NEW YORK: New York is a competitive, competitive town. This we know. Some of this competitiveness is healthy. Some of it is ridiculous. People in this city can be competitive about careers, salaries, education, apartments, restaurants, fashion, pets, pet fashion—it never truly stops.
One could argue that daily life in New York City is itself a competition—the race to get out the door, the secret race on the sidewalk (oh, you didn’t know about that?), the scramble for the train, for your caffeine jet fuel, and then to the elevator, the desk, the computer, the email. If you’re reading this column in New York, you’re probably rushing to finish it first. You’ve probably already left work and are on your way to yoga. Good for you. I hope you win yoga.
Finally New York’s absurd competitive spirit has been quantified…and we are dominating! A study by the Economist Intelligence Unit, sponsored by Citigroup, found New York to be to be the most competitive city on the planet.
It evaluated areas like economic strength and financial maturity and the type of cheese you keep in the fridge (at least I think that was a category) and determined that this city is still a thrilling and wildly competitive sandbox. The experts concluded that New York will remain earth’s most competitive city into 2025. It is not clear if they considered the Mets.
So we’re No. 1. Hooray for us—and pass the stress ball and the vodka tonics. London ranked second on the most-competitive-in-2025 index. Steak knives, London! Singapore was third. Chicago was ninth.
Boston finished 19th, just barely squeaking into the playoffs.
It’s not clear if this civic competitiveness always translates to New York’s sports teams. The Yankees are historically competitive—and Yankee fans definitely are competitive. Yankee fans are furious they can’t win a World Series in April and disappointed that Joe Girardi has failed to deliver a Stanley Cup. In recent years the Giants have given New York a pair of improbable Super Bowl titles. The rest of the lot is pretty mixed. The Knicks are better but still drive you nuts.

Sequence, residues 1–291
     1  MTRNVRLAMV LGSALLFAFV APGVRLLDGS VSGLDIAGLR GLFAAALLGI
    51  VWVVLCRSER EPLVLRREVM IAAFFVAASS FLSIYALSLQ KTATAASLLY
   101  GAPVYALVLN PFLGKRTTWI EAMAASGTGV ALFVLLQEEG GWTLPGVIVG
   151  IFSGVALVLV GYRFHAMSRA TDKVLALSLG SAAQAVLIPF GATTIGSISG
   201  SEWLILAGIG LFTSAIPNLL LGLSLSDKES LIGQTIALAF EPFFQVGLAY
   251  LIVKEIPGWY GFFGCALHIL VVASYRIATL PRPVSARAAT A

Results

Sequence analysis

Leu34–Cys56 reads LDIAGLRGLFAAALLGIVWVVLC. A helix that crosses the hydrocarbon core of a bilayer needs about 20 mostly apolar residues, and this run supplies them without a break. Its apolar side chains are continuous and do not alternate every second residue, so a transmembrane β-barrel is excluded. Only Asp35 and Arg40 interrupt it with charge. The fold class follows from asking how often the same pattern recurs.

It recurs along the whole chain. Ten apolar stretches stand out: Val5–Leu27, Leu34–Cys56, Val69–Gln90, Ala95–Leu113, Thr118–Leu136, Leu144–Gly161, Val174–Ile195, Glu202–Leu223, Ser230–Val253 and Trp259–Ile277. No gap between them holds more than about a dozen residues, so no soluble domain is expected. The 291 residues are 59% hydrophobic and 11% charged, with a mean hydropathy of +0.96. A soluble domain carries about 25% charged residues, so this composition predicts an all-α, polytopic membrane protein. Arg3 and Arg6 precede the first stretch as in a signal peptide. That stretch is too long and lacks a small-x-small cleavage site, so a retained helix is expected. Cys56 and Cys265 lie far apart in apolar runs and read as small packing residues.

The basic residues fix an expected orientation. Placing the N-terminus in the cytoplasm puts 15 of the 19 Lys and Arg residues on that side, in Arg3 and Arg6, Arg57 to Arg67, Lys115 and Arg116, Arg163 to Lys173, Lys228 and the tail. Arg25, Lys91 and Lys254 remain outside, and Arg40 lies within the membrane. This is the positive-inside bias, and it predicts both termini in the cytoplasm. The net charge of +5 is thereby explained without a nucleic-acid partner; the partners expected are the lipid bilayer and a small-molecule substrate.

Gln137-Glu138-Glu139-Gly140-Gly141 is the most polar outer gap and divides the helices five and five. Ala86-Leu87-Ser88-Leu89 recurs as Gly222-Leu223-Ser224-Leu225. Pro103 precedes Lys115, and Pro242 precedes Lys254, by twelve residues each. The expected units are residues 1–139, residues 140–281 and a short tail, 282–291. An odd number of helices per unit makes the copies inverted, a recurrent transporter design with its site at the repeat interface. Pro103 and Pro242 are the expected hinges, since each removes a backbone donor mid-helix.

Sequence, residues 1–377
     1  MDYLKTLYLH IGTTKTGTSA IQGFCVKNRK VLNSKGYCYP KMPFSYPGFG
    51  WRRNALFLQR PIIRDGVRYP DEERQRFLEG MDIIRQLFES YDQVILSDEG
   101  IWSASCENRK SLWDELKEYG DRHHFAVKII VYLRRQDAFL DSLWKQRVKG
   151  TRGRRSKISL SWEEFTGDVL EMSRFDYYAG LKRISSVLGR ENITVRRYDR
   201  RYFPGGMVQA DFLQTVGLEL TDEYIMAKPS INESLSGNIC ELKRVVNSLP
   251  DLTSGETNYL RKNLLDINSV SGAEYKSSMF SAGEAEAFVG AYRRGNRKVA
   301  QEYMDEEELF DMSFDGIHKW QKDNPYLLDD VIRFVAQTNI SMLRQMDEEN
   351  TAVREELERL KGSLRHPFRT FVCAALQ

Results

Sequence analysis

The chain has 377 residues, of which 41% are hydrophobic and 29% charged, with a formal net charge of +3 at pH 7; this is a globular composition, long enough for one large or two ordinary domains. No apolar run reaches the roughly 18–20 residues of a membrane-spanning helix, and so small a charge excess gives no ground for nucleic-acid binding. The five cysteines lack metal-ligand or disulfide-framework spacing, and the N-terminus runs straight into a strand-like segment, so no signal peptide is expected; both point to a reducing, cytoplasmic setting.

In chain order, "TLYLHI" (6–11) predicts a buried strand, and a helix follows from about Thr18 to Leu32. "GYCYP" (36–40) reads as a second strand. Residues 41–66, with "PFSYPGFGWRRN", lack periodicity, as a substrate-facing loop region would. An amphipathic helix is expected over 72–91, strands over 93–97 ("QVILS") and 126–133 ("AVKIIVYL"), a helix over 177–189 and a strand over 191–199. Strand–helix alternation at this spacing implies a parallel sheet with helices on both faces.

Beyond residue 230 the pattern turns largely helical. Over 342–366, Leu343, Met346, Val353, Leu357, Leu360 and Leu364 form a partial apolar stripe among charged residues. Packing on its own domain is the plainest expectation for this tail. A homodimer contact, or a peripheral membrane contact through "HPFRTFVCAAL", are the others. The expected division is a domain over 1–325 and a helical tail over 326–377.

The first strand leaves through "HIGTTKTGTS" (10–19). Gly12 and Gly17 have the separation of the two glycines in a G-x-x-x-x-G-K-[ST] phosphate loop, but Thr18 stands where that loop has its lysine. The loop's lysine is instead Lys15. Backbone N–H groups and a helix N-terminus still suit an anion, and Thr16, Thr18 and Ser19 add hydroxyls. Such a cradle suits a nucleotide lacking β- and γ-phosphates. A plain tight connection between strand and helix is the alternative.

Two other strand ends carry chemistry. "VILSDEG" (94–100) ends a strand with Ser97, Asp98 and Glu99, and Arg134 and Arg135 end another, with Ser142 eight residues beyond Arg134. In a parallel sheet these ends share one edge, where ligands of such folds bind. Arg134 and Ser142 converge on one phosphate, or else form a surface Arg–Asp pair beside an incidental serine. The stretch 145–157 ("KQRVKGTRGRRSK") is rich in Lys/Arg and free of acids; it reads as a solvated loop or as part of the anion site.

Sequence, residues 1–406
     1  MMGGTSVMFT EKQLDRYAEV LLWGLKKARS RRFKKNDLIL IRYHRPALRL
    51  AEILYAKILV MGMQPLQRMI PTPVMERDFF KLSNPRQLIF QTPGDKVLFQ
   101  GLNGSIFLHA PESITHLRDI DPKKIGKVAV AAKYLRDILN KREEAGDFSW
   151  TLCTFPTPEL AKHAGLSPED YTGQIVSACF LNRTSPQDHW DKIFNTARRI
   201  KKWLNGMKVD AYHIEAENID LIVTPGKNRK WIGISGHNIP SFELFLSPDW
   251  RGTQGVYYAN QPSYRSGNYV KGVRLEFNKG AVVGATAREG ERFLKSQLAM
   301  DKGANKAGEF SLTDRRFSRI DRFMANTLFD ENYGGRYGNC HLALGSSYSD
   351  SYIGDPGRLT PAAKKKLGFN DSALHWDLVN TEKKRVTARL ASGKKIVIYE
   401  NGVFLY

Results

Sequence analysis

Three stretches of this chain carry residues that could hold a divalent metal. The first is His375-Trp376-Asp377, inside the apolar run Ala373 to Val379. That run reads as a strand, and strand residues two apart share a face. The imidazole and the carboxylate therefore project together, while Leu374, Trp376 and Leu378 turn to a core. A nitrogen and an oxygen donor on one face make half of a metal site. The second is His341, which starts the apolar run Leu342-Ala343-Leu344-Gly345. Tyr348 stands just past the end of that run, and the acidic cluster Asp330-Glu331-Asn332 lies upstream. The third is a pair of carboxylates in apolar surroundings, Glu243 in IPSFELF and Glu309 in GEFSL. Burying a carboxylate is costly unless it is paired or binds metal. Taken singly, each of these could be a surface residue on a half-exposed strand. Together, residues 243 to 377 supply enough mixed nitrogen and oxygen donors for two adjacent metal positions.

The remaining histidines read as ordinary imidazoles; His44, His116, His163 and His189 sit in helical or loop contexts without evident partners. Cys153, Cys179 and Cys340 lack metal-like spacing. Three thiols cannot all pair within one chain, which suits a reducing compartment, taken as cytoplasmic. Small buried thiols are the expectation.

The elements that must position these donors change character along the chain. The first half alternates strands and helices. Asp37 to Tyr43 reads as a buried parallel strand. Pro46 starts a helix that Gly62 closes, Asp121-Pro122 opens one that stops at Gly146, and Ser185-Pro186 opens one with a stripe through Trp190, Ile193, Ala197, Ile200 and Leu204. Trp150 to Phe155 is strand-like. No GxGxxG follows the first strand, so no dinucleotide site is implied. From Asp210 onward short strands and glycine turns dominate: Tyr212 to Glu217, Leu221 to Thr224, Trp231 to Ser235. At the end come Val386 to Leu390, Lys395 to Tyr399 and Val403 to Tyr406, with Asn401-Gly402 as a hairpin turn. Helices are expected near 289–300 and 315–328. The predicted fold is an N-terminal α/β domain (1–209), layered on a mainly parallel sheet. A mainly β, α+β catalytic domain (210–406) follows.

The Rangers, Islanders, Red Bulls are OK but not elite. The Nets are a turkey sandwich: inoffensive, unexciting. The Jets have abandoned football to open a used furniture store in the East Village. The Mets…well, the Mets have Matt Harvey. Matt Harvey is competitive. Matt Harvey would tackle a unicorn.
If you play sports yourself in New York City you know that New Yorkers can be a crazed about innocent games. Even the zero-stakes weekend-warrior nonsense can get a little heated. This is a city of Type-A lawyer basketball and chippy banker hockey and even aggro folks who try to “win” spin class. Part of the local sports tension is borne from the competitive spirit of its people. Part of it is borne from living in a place with limited space. I play tennis in New York City and you have to be just as competitive to get a court as you do playing the actual tennis. Actually that’s wrong. Getting the court is always more competitive than the tennis.
Sometimes the competitiveness just goes too far. You see New Yorkers lose their minds all the time in meetings, taxi stands, even on the street. Getting to the airport feels like a Game 7. The subway should have a referee. Probably the most insanely competitive environment in New York is a real-estate open house. That’s a gladiator pit. I don’t know why the MSG or SNY networks don’t broadcast open houses. And they’re offering all cash…now they’re offering all cash over asking…and it doesn’t even have outdoor space…
This is not always an attractive quality. Nobody wants to be seated at dinner with someone who is trying to outdo you about where they go on vacation (“Tulum? So great. We rented a house there 11 years ago…”) or neighborhoods or apartments or, heaven forbid, being competitive about their children, which is a nightmare and makes a lot of good people want to abandon this city for good. Competitive dining is a bizarre but very real thing in New York; personally, I don’t understand why it’s a considered an accomplishment to eat at a restaurant before somebody else. Congratulations! You digested first. Have a cookie.
Sometimes it’s best to let a few victories go, dial down the drama, consider the big picture. Competition may be the engine of this amazing city, but it doesn’t take much for the best parts of New York to become the worst parts of New York. City life is not always a sport. It looks like we’re going to be good through 2025, but you don’t have to win everything. You don’t have to cut in line. Sometimes it’s OK to be runner-up. The Mets would probably be thrilled. THE WALL STREET JOURNAL